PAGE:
Arts Education: Good News and Bad News
A recently published federal report from the National Center on Education Statistics (NCES) on arts education has some good news: Even in a decade in which many school districts have faced significant budget cuts, the availability of music and visual arts education has remained little changed.
There is also some less than encouraging news revealing differences in arts education availability based on students’ economic levels. While music and visual arts instruction was more available in high-poverty elementary schools in 2009-2010 than in the previous decade, the reverse situation was the case at the secondary level. When comparing high-poverty secondary schools in 1999-2000 with those in 2008-09, music instruction decreased from 100 percent to 81 percent and visual arts instruction from 93 percent to 80 percent.
Availability of Arts Education Fairly Consistent
The NCES is a division of the Department of Education; Jared Coopersmith, a project officer, tells Education Week that “generally, what we really found is there is no consistent trend of decline in arts education in public schools.” The NCES report found discrepancies in the types of arts education offered. Music was available at 90 percent of the public schools surveyed and, for the most part, visual arts.
But instruction in dance at the elementary level fell from 20 percent of schools in 1999-2000 to 3 percent in 2009-10 while instruction in drama/theater declined from 20 to 4 percent. Jane Bonbright, the executive director of the National Dance Education Organization, questioned these figures, noting that dance at the elementary level is often integrated with other subject matters. At the secondary level, the availability of dance changed little, going from from 14 percent to 12 percent in a decade; drama/theater went from 48 percent 45 percent.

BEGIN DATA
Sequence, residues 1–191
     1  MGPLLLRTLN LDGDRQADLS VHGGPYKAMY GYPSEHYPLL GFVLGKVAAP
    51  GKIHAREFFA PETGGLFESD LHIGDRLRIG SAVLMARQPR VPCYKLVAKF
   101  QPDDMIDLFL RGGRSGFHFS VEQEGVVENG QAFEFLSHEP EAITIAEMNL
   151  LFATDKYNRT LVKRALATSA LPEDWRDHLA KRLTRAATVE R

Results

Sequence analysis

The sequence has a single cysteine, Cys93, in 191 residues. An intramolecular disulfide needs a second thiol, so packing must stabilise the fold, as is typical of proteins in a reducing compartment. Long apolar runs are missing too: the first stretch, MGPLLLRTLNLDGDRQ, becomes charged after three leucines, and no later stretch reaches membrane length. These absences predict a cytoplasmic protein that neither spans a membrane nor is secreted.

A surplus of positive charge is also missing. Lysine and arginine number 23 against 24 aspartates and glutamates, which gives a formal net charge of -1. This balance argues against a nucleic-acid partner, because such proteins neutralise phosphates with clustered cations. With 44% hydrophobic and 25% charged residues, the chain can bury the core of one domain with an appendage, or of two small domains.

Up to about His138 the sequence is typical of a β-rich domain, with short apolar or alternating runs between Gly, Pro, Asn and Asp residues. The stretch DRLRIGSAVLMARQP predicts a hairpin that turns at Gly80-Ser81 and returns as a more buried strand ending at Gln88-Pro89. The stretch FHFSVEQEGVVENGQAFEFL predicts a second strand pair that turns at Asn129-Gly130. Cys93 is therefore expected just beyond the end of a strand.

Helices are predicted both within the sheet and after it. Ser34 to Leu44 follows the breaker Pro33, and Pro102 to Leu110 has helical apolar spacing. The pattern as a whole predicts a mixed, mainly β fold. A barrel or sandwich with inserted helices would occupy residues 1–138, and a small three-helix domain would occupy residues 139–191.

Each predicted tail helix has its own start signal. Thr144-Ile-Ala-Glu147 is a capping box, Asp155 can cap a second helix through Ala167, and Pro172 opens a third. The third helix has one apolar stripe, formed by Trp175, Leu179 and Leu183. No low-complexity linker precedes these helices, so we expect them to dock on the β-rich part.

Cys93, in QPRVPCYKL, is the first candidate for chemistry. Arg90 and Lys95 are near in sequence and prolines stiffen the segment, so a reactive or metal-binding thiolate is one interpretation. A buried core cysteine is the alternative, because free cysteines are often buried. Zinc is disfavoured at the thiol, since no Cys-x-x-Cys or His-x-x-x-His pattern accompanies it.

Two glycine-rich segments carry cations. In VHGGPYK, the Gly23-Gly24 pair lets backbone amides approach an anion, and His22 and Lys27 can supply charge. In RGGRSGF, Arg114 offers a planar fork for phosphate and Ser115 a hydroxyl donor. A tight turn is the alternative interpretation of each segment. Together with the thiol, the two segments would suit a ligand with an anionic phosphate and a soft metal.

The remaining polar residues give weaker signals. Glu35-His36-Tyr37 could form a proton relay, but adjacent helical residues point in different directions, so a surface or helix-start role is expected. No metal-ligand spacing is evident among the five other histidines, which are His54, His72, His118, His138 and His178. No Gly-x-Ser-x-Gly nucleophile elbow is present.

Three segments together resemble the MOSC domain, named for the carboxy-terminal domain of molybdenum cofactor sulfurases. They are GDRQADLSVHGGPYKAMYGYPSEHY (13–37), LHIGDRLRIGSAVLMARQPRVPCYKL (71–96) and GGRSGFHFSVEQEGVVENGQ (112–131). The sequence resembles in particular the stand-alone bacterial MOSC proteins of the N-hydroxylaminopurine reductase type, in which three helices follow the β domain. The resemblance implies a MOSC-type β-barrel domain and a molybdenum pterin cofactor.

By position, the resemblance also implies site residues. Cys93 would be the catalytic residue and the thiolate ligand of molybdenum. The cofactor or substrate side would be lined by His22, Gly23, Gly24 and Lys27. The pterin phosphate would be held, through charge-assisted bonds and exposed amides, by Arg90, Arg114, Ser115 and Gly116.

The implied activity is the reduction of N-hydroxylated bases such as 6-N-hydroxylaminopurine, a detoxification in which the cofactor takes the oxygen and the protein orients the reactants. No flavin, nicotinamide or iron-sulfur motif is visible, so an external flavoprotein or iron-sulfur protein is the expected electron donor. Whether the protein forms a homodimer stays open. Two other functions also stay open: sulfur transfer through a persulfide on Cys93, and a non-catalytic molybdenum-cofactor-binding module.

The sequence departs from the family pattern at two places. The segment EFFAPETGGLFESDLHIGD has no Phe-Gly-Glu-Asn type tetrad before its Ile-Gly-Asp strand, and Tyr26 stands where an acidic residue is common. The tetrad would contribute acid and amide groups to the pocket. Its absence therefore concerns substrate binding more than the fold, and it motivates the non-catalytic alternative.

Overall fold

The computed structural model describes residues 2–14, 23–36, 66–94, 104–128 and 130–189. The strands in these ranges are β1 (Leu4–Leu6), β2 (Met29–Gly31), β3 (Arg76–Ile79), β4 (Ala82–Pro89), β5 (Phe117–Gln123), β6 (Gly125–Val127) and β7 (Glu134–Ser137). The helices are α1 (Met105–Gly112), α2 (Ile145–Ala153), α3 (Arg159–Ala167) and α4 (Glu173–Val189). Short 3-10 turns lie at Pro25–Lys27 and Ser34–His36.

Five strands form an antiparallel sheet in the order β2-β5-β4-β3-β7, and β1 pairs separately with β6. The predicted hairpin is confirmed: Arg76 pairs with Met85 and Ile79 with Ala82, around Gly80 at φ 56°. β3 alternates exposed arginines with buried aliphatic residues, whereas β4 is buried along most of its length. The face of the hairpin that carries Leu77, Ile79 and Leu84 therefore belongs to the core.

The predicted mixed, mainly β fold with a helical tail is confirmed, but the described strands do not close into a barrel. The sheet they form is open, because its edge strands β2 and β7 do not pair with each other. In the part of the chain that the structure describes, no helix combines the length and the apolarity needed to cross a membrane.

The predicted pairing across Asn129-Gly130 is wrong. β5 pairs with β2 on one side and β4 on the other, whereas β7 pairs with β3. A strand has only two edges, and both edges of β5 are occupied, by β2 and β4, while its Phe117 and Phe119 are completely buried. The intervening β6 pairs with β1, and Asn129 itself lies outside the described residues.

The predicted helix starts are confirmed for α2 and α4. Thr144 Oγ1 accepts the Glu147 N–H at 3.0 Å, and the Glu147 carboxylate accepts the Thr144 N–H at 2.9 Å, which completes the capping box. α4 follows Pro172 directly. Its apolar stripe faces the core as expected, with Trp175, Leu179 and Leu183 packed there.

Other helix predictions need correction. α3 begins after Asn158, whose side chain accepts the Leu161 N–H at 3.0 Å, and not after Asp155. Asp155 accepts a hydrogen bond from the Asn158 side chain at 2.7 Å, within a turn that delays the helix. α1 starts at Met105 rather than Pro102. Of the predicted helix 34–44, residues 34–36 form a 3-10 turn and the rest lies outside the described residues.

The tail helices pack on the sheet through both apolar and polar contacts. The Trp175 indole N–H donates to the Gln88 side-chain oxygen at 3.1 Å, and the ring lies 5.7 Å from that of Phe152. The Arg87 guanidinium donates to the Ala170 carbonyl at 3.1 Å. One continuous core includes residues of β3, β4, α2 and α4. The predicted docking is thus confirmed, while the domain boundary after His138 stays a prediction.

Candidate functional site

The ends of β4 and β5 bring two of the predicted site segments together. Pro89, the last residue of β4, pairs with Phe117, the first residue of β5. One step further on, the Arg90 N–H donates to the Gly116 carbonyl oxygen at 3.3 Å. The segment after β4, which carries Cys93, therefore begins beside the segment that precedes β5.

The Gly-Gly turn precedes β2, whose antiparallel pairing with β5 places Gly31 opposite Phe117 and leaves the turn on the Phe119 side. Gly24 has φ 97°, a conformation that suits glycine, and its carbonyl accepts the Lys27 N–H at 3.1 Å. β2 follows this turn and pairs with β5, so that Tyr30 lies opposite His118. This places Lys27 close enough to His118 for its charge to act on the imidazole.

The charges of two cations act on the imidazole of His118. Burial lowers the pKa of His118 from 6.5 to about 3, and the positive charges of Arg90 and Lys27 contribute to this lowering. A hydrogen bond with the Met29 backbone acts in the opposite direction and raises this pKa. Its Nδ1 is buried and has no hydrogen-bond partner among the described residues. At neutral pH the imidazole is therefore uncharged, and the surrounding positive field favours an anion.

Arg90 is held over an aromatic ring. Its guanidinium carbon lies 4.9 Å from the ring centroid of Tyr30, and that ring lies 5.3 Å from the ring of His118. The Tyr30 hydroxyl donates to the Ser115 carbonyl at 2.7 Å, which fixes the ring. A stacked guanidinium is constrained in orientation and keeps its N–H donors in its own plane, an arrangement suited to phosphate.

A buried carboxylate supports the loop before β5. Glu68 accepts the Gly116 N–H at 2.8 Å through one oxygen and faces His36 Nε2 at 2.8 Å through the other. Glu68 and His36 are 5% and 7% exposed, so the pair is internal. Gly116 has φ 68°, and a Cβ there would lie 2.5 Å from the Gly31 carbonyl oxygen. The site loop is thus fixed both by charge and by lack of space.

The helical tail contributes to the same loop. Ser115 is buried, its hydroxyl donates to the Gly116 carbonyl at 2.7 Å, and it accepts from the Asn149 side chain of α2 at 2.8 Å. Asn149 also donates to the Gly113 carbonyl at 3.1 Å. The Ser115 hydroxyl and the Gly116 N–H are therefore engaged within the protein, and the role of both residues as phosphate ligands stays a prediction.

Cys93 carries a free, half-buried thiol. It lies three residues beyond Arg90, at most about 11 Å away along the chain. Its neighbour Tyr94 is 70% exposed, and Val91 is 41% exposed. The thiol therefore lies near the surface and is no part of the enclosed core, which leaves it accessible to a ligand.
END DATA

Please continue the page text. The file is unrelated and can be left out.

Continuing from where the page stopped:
Differences in Arts Education at High-Poverty vs. Low-Poverty Schools
In 2011, the President’s Committee on the Arts and the Humanities released a report that called for “reinvesting” in arts education. The committee issued a statement about the NCES report that singled out a gap between arts instruction between high- and low-poverty schools that was especially apparent at the secondary level:
For instance, 80 percent of high-poverty schools reported visual-arts instruction for 2008-09, compared with 95 percent of low-poverty schools. In addition, 81 percent of high-poverty schools reported music instruction, compared with 96 percent of low-poverty schools. (The report defines high-poverty schools as having three-fourths or more students eligible for a free or reduced-price lunch. Low-poverty schools have no more than a quarter of such students.)
While music instruction was generally available at high- and low-poverty schools, the committee noted disparities in the presence of faculty specializing in teaching the arts and in facilities, such as rooms with specialized equipment for arts instruction.
The National Endowment for the Arts (NEA) also recently issued a report describing an association between at-risk students and access to arts instruction. At-risk students who had a “history of intensive arts experiences” had better outcomes in many academic areas, from test scores and school grades to honors-society memberships, high school graduation and college enrollment and attainment. They were also more likely to become involved in volunteer work and local politics.
The NEA report contains a compelling argument for maintaining arts instruction in public schools. Despite the focus on reading and math achievement under No Child Left Behind, the arts have managed to retain their place in school curriula. But findings such as the decreased availability of arts instruction at high-poverty secondary schools — coupled with the NEA report linking at-risk students’ academic achievements to arts instruction — should be a wake-up call to educators about the importance the arts can play in helping such students to succeed.
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